Queer Parenting in Good Manners (2017)

Good Manners (2017) explores the idea of parenting through a Queer lens of otherness and of course, werewolves.

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Queer Identity in Good Manners 2017
Warning: Spoilers Ahead!

Understanding family and Queer identity in Good Manners.

Queer representation and inclusivity continue to increase in horror, but one area that needs more exploring is Queer parents. Most parents in Queer horror films are typically cisgender and heterosexual, which should not be surprising given that there is still a stigma in portraying Queer families in media. However, films like 2017’s Good Manners explores the idea of parenting and families through the Queer horror lens of otherness and werewolves.

What is Good Manners About?

Good Manners 2017 Film
Good Manners (2017)

Written and directed by Juliana Rojas and Marco Dutra, Good Manners occurs in modern-day Brazil and begins with Ana, a single pregnant woman without any support from her family or friends. She hires Clara (Isabel Zuaa) to be a maid and nanny but, more importantly, help
her navigate a strange and turbulent pregnancy. The relationship progresses, though, and loving chemistry blooms between the women until Ana dies giving birth to her child, Joel (Miguel Lobo).

Clara learns that Ana is pregnant with a werewolf, which explains her pregnancy’s more strange elements and her unfortunate death. Clara takes Joel as her son, though, and becomes another single mother. Years later, Clara tries to control Joel’s werewolf abilities and hides his identity at night while living in a small town. Joel goes to school as a human, with all his needs and feral abilities are taken care of by his adoptive mother.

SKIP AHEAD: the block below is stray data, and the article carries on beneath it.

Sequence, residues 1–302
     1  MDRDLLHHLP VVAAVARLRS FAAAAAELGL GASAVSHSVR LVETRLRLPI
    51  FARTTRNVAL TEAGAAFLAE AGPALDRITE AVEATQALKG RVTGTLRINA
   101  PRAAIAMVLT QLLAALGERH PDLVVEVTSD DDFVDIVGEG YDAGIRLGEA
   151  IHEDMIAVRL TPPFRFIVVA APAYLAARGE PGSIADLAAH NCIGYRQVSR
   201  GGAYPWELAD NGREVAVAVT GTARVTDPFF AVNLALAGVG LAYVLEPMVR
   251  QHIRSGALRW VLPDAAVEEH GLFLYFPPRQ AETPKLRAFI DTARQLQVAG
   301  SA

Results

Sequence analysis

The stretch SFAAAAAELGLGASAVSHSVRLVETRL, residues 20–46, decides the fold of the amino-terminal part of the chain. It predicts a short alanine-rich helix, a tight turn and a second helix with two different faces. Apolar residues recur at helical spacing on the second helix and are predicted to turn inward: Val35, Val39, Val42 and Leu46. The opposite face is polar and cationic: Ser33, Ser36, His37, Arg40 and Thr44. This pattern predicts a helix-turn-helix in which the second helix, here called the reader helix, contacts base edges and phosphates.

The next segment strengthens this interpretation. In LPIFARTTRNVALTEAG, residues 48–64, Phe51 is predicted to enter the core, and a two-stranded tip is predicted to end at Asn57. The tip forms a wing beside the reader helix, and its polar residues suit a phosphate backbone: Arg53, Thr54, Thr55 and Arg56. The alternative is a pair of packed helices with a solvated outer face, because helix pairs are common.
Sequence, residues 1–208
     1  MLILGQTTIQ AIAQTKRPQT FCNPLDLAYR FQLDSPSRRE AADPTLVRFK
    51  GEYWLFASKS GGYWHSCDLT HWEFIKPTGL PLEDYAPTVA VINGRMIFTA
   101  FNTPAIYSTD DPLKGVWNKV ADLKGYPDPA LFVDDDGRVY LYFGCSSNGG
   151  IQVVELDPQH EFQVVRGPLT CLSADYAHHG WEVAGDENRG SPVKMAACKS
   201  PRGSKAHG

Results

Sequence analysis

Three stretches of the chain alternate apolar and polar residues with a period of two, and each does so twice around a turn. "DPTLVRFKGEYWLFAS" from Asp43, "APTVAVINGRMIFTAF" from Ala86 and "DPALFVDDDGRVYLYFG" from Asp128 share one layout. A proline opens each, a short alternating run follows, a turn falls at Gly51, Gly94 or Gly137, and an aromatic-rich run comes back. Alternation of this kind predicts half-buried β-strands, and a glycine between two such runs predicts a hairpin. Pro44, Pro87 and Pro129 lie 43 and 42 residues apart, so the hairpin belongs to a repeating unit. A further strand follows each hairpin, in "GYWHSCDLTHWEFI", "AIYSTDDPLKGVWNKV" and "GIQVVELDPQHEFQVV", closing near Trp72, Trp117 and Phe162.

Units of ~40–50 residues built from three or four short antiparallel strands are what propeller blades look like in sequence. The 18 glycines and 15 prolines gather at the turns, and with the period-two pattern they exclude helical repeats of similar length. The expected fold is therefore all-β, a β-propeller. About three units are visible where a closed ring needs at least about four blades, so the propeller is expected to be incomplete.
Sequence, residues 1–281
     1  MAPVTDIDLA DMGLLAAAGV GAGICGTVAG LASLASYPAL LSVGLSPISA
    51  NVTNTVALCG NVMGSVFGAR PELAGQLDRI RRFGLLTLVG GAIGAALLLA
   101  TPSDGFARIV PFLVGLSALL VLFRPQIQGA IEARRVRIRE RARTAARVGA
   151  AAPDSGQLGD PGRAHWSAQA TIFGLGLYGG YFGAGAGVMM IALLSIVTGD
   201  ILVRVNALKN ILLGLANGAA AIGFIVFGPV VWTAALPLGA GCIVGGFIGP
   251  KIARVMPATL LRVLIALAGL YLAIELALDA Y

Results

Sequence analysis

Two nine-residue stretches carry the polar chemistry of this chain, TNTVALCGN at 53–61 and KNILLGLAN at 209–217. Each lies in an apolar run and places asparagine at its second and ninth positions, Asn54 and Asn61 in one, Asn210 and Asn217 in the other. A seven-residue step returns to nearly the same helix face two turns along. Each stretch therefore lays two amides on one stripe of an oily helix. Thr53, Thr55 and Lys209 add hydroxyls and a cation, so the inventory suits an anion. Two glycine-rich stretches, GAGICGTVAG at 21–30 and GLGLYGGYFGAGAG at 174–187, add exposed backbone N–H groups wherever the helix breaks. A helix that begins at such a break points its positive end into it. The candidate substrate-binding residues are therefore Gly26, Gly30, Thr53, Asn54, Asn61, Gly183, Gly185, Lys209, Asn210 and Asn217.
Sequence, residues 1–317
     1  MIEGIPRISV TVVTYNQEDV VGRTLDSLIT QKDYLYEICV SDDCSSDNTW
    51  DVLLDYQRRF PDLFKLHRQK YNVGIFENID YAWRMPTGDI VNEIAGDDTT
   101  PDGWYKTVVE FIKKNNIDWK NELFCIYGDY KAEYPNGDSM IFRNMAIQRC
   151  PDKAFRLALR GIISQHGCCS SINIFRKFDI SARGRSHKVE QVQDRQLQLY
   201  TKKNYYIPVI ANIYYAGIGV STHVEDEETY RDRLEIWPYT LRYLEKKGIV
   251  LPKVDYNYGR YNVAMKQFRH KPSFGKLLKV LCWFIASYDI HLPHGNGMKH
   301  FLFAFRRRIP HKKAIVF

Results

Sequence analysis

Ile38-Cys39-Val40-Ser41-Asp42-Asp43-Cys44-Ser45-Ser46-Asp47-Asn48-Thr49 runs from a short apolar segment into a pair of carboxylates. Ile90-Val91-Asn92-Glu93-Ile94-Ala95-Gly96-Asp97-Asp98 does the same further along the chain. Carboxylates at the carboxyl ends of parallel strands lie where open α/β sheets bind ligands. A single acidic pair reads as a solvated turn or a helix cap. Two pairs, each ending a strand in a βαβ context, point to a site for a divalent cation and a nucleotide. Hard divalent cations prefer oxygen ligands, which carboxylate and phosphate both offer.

However, Joel wants to understand his identity and explore life, much to Clara’s dismay. Their relationship soon turns confrontational as they debate between liberty and safety while Joel’s lycanthropy abilities spiral out of control; leading to several tragedies and a choice that a mother must make to protect her child.

Queer Storytelling in Good Manners

Good Manners is a splendid werewolf film that tells a fable story focusing on motherly love and otherness, the latter of which is a classic horror movie trope going back to Universal Horror, but especially important for modern Queer horror. In an article about the resurgence of werewolves, writer Meagan Navarro confirms several thematic elements of lycanthropy that link with human allegories:

Lycanthropy served as a metaphor for puberty, sexual awakenings, generational
trauma, religious persecution, and even ruminations on mortality.

Megan Navarro, Bloody Disgusting

Good Manners applies the metaphors as mentioned earlier through the eyes of Ana, Clara, and Joel. For Ana, she strives to move forward and enjoy her independence while being pregnant. For Joel wants to enjoy life, but his werewolf identity threatens human lives. For Clara, she will
do anything to protect her child while desiring to cure her child.

Clara’s dilemma is fascinating because it serves as an allegory to bigoted parents who say they love their Queer children yet still desire to cure them. However, the narrative is further conflicted because Clara is a Queer woman of color; she understands discrimination and feels compelled to protect Joel from his unique identity. So, she wishes to shield Joel from the persecution that she has known in her life. Given the film’s setting, it may be unsurprising that Clara would think it would be better to hide Joel.

There is an increase in hate crimes across Brazil in today’s world, which has been occurring for the past five years. As reported in The Guardian, Margareth Hernandez, a lawyer, and president of the gender law commission in Brazil stated: